HL Deb 25 May 1830 vol 24 cc1062-70

The Order of the Day for taking into consideration his Majesty's Message was then read.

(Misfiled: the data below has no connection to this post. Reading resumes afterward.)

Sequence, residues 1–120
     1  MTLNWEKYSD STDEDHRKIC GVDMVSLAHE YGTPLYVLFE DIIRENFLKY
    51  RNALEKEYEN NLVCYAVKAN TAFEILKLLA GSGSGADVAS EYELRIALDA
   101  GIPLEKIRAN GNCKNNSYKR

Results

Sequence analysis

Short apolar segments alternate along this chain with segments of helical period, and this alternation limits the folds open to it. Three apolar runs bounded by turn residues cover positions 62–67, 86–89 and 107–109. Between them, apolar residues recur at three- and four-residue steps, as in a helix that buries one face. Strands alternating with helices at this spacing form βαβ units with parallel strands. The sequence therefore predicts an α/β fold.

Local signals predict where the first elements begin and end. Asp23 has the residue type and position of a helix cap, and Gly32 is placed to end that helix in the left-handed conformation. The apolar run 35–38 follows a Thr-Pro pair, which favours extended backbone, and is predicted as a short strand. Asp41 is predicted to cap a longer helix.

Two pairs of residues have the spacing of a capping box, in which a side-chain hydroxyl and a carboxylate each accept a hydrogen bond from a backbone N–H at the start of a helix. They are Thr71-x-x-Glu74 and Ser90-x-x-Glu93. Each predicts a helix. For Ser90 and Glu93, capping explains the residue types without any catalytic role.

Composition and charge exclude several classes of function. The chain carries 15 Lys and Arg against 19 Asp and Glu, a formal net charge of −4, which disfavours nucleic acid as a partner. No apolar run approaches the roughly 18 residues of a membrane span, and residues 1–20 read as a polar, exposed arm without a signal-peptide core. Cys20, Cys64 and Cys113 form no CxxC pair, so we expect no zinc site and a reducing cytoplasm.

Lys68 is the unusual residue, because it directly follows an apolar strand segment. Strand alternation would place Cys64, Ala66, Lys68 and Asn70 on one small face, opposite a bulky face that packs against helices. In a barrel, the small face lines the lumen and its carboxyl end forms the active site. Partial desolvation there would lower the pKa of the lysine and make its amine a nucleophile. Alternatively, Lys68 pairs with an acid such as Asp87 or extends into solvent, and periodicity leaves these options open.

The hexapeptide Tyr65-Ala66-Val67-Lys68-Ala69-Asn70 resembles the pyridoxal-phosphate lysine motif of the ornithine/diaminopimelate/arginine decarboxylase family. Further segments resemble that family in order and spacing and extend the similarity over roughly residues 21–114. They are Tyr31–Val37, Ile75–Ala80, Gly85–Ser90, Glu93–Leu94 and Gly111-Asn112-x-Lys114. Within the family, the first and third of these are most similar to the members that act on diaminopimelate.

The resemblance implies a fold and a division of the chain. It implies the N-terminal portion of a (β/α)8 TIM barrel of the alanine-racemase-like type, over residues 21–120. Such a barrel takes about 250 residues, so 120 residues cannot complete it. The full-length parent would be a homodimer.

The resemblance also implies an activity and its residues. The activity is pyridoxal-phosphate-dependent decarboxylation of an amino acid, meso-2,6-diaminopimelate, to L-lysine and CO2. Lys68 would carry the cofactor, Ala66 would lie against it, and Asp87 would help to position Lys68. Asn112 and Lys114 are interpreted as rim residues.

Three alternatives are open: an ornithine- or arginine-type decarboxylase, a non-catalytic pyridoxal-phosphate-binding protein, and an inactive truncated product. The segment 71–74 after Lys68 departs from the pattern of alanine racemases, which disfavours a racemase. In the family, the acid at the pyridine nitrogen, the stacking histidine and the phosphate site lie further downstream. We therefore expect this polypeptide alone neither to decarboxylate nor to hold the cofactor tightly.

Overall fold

The Message was then read by the clerk, [see the debates of May 24.]

The Lord Chancellor